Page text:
General Electric Creates New Way To Keep Laptops, Mobile Devices Cool
December 12, 2012

General Electric Creates New Way To Keep Laptops, Mobile Devices Cool

[Watch Video: Advanced Electronics Cooling Technology: GE's Dual Piezoelectric Cooling Jets]

Michael Harper for — Your Universe Online

General Electronics (GE) wants to cool off some of your future super-slim laptops and mobile devices by letting them breathe. As these things often happen, GE created a new way to cool these devices as they were looking for ways to keep jet engines from over-heating.

The result is Dual Piezoelectric Cooling Jets (DCJ). These cooling plates act as diaphragms, taking in the hot air and blowing out the cool. Like the devices GE hopes to one day keep cool, these jets are quite thin and can be configured to fit any package or design used. This means even the slimmest of devices could make use of these cooling jets, all without adding extra weight or noise. GE claims these jets “can be made so quiet that users won´t even know it´s running.”

“DCJ was developed as an innovative way to dramatically reduce the amount of pressure losses and loading characteristics in aircraft engines and power generation in gas and wind turbines,” explains Peter de Bock, the lead electronics researcher for GE Global Research in a statement.

“Over the past 18 months we have addressed many challenges adapting this technology in areas of acoustics, vibration, and power consumption such that the DCJ can now be considered as an optimal cooling solution for ultra-thin consumer electronics products.”

GE engineers looked to the human body to find inspiration for its new cooling jets. Just as the lungs take in air and blow out “exhaust,” this device also breathes as it cools.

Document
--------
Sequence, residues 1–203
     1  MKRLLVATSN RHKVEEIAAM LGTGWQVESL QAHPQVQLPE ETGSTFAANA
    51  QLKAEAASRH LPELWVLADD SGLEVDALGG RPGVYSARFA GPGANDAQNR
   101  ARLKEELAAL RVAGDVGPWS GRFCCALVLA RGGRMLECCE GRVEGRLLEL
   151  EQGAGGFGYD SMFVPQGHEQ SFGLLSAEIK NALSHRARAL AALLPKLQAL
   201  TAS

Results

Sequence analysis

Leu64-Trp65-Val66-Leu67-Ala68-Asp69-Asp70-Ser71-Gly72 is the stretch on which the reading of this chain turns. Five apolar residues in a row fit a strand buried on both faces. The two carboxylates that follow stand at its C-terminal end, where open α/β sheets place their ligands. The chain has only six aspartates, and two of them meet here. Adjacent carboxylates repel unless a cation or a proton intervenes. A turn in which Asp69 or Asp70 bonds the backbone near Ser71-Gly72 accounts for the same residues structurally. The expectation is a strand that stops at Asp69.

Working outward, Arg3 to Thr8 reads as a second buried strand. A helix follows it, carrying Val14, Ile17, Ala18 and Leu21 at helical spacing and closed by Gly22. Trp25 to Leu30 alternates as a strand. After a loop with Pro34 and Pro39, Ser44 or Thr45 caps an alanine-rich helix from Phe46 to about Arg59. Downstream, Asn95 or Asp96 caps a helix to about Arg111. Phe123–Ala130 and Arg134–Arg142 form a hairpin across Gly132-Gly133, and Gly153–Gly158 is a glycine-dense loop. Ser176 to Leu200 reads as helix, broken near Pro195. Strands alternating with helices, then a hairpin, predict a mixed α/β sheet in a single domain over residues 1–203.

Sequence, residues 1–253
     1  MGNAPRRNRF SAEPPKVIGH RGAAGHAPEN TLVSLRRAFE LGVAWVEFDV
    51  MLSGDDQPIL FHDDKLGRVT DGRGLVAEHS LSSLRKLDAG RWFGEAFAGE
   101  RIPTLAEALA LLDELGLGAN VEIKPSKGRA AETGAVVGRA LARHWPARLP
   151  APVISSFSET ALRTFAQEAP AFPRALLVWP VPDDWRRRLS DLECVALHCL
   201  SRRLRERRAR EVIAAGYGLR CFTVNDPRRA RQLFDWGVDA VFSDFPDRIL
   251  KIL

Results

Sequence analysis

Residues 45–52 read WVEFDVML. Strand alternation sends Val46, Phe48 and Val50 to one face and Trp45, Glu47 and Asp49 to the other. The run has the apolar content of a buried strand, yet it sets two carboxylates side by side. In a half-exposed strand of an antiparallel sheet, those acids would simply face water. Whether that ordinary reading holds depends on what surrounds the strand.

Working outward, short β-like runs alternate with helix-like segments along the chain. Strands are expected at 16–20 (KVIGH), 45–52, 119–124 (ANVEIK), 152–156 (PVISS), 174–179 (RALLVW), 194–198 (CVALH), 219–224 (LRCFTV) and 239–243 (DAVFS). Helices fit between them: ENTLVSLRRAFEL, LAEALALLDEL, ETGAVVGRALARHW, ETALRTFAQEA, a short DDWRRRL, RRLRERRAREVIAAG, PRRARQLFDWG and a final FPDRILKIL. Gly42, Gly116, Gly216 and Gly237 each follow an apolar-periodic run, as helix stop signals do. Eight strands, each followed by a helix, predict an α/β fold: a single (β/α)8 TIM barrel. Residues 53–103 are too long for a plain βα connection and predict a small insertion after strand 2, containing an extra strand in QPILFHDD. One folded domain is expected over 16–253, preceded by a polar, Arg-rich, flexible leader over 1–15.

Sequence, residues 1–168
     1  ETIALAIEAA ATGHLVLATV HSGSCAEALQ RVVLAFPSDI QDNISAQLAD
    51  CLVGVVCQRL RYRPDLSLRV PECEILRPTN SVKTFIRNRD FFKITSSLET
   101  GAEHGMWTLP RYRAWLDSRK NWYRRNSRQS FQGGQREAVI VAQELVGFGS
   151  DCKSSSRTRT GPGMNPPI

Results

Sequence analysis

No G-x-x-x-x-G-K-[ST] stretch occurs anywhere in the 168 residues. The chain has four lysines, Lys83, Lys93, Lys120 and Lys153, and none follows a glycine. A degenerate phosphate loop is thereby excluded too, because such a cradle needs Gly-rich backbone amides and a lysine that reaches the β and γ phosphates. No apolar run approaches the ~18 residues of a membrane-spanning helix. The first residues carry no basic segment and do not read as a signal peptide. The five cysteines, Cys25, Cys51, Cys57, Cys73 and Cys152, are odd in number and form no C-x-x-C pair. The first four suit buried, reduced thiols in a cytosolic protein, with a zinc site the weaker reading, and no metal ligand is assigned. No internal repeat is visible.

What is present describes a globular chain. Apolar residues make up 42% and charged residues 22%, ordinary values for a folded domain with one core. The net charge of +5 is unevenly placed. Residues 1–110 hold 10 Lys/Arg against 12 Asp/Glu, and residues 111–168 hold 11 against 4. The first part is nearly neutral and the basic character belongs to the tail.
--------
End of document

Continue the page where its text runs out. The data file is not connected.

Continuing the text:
These jets consist of two plates with micro-fluidic films. These plates rest very closely together and when a current of electricity is sent to them, they begin to essentially inhale and exhale, moving air between the two plates. GE claims its electronic lungs can transfer heat 10 times better than natural convection.

While real estate is a rare commodity in these new slim devices, many of which measure less than a quarter-inch in thickness, power is also a resource which should be conserved.

GE boasts that the new DCJ technology is also very efficient when it comes to power consumption, using less than half the power consumed by the fans used in today´s portable electronics.

“With new tablet and netbook roadmaps moving to platforms measuring less than 0.25 inches high, it is clear that consumers are demanding thinner and more powerful electronic devices,” said Chris Giovanniello, the vice president of micro electronics and thermal business development at GE Licensing.

“GE´s patented DCJ technology not only frees up precious space for system designers, but it consumes significantly less power, allowing as much as 30 minutes of extra battery life. Best of all, DCJ can be made so quiet that users won´t even know it´s running.”

As engineers themselves, the team at GE wanted to put the DCJs to the test. They cracked open a “popular ultra book laptop” and replaced the existing fan with the new jets.

Once inside, they noticed that not only was there plenty of room leftover after the DCJs were installed, but that any device bearing these jets could be made even smaller than they already are. While GE maintains the cooling jets could work in any electronic device, it seems they may be leaning more towards having them installed in Apple devices, such as iPads and iPhones.

GE may get that chance as they´re currently showing off this technology to OEMs who are looking for new ways to cool off their super slim devices.